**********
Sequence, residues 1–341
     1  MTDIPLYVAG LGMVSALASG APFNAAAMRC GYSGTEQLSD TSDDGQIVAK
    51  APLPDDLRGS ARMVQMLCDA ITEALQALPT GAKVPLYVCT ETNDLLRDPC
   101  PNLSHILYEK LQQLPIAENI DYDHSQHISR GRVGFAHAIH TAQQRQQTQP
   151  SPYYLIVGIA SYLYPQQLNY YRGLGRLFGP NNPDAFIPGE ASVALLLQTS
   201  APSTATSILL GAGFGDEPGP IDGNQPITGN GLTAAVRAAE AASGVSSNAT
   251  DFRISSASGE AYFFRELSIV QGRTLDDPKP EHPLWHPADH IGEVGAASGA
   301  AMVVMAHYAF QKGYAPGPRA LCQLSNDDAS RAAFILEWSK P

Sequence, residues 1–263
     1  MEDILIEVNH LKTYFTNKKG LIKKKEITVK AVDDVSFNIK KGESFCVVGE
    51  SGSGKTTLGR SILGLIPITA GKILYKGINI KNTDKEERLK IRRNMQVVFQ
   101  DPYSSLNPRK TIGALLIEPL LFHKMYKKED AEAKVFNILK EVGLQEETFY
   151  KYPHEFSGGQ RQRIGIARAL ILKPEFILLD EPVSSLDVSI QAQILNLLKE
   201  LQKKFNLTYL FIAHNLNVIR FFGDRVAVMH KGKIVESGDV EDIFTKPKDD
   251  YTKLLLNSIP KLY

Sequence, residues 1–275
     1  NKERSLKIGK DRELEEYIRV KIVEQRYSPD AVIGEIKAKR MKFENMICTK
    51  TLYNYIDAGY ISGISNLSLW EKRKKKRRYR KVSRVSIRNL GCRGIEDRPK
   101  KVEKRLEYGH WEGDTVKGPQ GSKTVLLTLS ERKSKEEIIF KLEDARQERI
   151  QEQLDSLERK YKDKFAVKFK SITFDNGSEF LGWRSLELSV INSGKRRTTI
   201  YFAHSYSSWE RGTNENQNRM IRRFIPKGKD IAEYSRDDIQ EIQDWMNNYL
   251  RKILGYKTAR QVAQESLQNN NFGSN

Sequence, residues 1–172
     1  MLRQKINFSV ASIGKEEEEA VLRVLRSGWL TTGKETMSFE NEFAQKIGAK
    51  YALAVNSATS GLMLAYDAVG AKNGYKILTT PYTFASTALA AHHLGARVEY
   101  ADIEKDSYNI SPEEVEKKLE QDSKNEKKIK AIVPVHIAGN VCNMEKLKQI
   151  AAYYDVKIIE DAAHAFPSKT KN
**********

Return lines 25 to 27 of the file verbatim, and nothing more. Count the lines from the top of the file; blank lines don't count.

    51  YALAVNSATS GLMLAYDAVG AKNGYKILTT PYTFASTALA AHHLGARVEY
   101  ADIEKDSYNI SPEEVEKKLE QDSKNEKKIK AIVPVHIAGN VCNMEKLKQI
   151  AAYYDVKIIE DAAHAFPSKT KN